Apple’s in-house programming language, Swift, has gone open source. The source code of the language along with the code for a brand new package manager is now available for developers to play with as they will, under the Apache license.
Work on Swift, the brainchild of Chris Lattner, begun in 2010 and it was formally unveiled by Apple at its developers conference in 2014. At the time, Apple had also published a free iBook guide to help developers in their first-hand experience with the language.
The language derives its inspiration from a whole bunch of others including Objective-C, Ruby, Python, C# and Rust and is mainly aimed at developing apps and software for iOS, OS X and WatchOS.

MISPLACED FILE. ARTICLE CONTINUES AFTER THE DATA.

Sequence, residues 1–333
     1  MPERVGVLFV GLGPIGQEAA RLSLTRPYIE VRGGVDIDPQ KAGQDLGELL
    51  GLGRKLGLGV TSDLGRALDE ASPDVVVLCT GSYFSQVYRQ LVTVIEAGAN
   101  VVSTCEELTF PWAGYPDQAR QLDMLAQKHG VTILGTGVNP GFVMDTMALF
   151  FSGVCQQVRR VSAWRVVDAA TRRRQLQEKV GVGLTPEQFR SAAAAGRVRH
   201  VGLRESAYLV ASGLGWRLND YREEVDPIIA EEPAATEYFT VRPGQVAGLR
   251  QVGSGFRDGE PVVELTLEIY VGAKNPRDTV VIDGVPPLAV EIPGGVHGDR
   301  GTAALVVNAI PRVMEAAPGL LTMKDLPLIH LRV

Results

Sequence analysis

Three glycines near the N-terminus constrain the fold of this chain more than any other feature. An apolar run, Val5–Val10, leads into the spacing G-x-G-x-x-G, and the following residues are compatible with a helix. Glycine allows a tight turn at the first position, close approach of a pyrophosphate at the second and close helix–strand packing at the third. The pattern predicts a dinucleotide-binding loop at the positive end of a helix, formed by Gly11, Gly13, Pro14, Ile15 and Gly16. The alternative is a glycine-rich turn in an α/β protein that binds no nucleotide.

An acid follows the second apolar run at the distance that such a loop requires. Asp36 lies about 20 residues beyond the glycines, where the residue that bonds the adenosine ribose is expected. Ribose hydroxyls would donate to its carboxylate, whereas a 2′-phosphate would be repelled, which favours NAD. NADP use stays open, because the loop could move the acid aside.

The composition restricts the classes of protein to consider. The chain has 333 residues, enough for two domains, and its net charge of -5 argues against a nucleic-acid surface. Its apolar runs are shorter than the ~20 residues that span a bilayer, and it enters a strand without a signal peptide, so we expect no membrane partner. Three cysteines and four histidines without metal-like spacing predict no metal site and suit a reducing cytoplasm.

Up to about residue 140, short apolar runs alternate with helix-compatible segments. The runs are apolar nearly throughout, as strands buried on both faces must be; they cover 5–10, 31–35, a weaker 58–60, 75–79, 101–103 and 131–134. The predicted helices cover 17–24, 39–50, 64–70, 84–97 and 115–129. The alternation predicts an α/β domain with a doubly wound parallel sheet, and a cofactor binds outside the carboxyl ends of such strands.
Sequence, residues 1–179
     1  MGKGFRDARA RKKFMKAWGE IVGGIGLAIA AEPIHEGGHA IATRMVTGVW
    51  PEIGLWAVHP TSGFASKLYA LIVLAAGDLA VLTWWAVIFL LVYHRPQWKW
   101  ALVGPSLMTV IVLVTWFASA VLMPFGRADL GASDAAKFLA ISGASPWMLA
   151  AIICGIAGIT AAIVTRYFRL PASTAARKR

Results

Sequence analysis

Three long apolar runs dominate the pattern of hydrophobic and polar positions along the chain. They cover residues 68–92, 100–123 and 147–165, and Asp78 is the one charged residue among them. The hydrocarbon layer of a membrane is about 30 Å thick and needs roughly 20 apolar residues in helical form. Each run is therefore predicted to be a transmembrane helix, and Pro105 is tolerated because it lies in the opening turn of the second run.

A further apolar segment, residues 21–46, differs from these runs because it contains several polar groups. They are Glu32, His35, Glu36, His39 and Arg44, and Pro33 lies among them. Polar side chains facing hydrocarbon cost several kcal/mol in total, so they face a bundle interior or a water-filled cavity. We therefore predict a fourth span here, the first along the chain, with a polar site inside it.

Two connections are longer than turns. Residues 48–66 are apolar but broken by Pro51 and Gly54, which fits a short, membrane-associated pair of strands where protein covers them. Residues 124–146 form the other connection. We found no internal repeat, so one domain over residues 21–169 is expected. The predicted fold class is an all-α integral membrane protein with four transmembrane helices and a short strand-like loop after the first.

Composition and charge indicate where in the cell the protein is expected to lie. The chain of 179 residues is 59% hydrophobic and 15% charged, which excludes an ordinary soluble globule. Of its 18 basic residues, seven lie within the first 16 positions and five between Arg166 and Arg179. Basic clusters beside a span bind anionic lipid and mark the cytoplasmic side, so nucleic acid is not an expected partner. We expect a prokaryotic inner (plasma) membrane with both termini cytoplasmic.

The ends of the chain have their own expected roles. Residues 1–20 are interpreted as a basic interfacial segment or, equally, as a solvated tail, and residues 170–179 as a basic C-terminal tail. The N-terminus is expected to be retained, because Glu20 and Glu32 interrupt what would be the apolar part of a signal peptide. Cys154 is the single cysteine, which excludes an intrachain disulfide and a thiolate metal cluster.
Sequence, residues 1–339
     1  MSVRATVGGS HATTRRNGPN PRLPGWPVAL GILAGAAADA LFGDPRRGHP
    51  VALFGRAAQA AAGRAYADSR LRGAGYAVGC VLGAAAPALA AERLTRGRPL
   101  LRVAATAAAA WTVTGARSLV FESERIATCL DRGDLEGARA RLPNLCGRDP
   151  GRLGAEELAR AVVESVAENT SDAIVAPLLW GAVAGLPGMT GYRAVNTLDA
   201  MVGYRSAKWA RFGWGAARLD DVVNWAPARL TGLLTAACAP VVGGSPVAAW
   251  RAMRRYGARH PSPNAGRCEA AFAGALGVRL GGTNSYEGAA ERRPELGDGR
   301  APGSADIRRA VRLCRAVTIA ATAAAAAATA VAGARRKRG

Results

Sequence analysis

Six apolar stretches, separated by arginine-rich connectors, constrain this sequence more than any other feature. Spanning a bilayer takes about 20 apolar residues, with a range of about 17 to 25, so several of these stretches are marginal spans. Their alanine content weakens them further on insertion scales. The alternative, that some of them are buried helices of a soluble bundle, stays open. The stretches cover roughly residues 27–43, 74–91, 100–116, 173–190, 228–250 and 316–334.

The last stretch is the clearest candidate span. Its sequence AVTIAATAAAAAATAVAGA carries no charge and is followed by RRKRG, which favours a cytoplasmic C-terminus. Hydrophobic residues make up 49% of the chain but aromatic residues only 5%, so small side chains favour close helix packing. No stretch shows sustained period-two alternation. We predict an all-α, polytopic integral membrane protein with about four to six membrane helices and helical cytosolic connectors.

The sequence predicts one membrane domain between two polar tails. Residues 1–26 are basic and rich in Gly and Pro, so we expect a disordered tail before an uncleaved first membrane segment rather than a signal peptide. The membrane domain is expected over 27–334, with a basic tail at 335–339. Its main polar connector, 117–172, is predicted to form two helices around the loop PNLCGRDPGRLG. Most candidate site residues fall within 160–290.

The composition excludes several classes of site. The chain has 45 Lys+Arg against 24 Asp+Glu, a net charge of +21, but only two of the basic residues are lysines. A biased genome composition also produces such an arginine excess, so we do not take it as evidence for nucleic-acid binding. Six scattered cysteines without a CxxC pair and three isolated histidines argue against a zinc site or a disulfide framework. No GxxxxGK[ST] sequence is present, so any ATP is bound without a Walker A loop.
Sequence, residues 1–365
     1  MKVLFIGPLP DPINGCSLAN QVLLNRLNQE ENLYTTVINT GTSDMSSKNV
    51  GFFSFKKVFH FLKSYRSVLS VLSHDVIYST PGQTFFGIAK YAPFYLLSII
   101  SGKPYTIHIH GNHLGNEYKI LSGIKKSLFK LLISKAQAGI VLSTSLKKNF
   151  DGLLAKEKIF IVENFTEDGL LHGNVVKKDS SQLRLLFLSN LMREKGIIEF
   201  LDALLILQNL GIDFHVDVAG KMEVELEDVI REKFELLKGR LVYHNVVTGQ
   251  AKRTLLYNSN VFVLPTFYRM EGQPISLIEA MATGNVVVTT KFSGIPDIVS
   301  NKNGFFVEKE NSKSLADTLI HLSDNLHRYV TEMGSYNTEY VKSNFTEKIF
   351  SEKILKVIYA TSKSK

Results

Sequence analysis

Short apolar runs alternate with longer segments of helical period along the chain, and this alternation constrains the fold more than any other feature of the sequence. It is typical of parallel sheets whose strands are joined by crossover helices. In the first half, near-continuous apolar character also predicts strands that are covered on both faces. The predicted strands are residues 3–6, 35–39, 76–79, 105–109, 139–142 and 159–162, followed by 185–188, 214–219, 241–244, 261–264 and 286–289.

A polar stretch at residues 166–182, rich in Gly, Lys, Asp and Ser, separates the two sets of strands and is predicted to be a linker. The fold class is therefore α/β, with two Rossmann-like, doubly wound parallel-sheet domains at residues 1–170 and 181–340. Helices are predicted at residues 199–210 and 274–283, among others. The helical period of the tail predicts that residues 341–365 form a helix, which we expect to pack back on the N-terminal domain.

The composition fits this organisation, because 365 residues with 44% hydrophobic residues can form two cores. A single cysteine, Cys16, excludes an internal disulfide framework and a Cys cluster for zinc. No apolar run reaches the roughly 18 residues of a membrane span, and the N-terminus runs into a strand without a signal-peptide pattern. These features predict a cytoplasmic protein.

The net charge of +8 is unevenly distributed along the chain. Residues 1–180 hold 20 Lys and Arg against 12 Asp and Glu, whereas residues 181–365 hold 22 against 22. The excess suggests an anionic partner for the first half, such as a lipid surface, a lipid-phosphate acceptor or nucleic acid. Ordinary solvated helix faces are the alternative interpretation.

Swift is multi-purpose and can be used to create desktop as well as iOS apps. What’s more, it comes with an integrated command line tool that can be used to run programs directly against files and folders. Apple has described programming with Swift as “interactive and fun” and the language can also run side-by-side with objective C — thus making integration with pre-existing applications a possibility.
One of the major advantages of Swift is the fact that inferred types make code cleaner and less prone to mistakes, while modules eliminate headers and provide namespaces. Memory is managed automatically, and you don’t even need to type semi-colons. And there’s ‘Playground’, which gives the results of your code in real time. Be it a loop or a normal code, you can see the result in the timeline.
Thanks to Apple’s open-source-ing, all the flexibility and safety of the language can now be deployed by developers to create programs without the need for attribution.
For more information, you can visit Swift’s official website.